Over 250 call centre staff face redundancy as Indian outsourcing firm HCL Technologies announces plans to close one of its BPO delivery centres in Northern Ireland.
The company proposes to close its call centre in Armagh and reduce staffing at its Belfast facility. That means 425 jobs may be lost, although the company says that it expects to find alternative employment for 40% (170). That leaves 255 jobs that face the axe.
HCL said that "in the current economic conditions some clients were optimizing resources and consolidating in-house".
Anita Barnard, general manager of HCL’s BPO services division, said the company was still committed to Northern Ireland as its ‘centre of excellence’ in call centre services. "We are committed to the long-term development of this centre of excellence and over the next five years we have plans to invest in our technologies and to create new jobs in Northern Ireland," she said in a statement.
"This is devastating news for HCL staff and their families in Northern Ireland,"said Andy Kerr, deputy general secretary of the Communications Workers Union (CWU). "Armagh is a small community and the closure of this call centre will be a big hit for the local economy. Unemployment is rising and finding alternative work will be a major challenge for these workers.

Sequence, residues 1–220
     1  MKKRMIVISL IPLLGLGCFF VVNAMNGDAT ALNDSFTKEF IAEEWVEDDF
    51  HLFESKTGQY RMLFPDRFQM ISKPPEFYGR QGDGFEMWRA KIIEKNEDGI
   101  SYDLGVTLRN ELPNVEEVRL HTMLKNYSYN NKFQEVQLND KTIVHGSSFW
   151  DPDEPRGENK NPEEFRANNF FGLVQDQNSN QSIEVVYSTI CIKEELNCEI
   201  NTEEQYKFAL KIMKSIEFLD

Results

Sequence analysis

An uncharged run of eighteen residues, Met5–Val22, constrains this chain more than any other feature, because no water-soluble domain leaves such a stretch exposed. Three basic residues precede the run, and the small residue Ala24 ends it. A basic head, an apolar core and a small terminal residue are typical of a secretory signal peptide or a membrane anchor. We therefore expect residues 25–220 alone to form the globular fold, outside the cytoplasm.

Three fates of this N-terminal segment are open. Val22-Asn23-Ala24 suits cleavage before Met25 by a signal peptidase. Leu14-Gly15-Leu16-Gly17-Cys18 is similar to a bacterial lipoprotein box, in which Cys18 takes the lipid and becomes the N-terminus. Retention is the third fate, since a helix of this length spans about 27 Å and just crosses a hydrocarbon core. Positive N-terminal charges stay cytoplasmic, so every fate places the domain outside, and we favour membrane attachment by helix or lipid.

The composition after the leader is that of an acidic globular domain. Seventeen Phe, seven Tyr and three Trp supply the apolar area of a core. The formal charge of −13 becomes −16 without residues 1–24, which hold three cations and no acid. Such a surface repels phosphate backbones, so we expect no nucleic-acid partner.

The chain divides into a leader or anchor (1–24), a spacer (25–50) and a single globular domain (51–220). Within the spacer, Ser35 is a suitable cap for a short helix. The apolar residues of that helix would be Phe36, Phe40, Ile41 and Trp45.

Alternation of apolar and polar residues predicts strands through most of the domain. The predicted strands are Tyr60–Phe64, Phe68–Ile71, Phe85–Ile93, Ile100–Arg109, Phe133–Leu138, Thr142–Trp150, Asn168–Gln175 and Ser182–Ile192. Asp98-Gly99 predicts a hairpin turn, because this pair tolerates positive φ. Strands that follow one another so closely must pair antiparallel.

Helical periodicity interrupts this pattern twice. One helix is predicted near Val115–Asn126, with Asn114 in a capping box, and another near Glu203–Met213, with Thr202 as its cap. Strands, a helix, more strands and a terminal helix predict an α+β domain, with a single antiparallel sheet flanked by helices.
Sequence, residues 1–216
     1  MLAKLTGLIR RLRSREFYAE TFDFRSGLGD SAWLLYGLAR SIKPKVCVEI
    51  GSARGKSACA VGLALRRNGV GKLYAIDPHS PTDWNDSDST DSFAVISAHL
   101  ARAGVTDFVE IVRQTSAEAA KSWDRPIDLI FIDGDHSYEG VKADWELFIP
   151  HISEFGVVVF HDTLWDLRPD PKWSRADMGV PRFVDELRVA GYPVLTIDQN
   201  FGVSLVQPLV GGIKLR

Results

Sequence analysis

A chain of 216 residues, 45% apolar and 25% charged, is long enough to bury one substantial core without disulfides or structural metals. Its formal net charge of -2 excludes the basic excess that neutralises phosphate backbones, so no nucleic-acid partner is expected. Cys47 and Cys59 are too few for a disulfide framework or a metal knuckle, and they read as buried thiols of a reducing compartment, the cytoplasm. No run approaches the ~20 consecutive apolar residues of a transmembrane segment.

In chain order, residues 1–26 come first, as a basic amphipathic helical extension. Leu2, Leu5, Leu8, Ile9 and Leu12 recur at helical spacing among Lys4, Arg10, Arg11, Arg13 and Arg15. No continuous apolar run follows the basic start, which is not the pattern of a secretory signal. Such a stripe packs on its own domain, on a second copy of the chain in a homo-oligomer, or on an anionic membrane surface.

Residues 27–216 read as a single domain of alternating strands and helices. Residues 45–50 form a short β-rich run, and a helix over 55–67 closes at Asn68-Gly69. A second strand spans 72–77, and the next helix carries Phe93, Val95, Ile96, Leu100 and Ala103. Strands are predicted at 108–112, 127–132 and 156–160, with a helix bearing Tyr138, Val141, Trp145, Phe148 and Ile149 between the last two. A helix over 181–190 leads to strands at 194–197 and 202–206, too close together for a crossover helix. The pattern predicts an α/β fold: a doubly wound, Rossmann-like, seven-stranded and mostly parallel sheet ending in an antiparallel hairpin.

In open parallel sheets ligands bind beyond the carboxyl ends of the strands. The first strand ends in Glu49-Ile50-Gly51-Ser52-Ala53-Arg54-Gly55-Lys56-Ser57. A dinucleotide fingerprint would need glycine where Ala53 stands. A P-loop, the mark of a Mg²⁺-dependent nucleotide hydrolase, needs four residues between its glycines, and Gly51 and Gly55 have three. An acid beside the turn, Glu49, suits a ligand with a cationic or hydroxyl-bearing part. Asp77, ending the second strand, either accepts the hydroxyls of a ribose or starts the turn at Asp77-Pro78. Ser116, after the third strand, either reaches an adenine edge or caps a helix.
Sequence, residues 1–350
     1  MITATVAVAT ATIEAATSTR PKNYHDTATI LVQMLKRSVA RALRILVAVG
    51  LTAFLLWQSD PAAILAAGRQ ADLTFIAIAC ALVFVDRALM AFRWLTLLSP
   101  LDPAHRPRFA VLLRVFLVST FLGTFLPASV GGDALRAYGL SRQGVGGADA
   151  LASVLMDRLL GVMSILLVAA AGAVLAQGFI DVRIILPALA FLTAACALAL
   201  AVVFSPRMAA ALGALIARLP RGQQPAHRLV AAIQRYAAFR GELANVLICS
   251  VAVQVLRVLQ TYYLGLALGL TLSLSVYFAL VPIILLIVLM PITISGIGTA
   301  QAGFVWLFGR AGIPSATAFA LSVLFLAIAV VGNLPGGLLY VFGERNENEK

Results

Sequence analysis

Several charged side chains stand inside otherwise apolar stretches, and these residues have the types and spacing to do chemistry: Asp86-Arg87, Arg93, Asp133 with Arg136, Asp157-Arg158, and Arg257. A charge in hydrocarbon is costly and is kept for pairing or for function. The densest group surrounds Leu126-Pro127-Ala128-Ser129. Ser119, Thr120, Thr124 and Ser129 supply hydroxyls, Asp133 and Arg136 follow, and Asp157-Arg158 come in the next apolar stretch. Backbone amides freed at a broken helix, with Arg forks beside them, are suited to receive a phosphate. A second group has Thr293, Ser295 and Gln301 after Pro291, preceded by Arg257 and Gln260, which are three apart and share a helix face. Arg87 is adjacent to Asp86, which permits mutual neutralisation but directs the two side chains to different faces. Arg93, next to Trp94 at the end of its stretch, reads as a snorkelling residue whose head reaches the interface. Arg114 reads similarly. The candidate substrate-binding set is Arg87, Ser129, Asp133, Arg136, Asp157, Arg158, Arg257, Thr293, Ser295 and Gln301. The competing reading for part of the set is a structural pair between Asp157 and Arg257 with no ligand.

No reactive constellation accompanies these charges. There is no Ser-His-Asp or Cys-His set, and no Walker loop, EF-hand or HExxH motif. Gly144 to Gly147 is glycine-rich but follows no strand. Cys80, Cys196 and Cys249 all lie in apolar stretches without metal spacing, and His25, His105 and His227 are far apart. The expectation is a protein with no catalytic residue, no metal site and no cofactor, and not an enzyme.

HCL acquired two call centres in Northern Ireland in 2005, when it bought local call centre business AnswerCall Direct for £3.9 billion.
In April last year, HCL employees in Northern Ireland accused the company of forcing them to accept new pay and employment terms on pain of losing their jobs. The company denied the accusation, saying that "nobody will lose their job".
According to a BBC report at the time, HCL has received over £5 million in government grants from Northern Ireland’s economic development agency.
In September 2011, HCL announced plans to create 80 jobs at a new software delivery centre in Dublin.
In January of this year, the company’s chief strategy officer Shiv Nadar said it that it is "committed to creating local jobs [and] contributing to the welfare of local communities".
HCL’s CEO Vineet Nayar is the author of a bestselling business book named "Employees First, Customers Second".